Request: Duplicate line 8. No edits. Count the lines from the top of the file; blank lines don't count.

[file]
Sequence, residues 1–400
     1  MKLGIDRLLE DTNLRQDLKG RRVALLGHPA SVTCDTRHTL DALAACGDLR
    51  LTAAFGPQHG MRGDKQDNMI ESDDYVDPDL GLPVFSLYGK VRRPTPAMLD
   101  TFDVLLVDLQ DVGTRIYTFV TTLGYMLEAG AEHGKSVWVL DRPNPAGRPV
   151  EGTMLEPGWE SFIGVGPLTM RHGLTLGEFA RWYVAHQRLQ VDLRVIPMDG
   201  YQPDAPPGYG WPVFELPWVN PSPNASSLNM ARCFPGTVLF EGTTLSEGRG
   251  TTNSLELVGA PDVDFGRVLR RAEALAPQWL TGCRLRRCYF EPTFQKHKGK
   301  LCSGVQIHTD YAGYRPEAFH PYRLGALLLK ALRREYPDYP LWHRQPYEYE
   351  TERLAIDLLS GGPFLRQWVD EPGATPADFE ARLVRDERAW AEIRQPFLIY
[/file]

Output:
   301  LCSGVQIHTD YAGYRPEAFH PYRLGALLLK ALRREYPDYP LWHRQPYEYE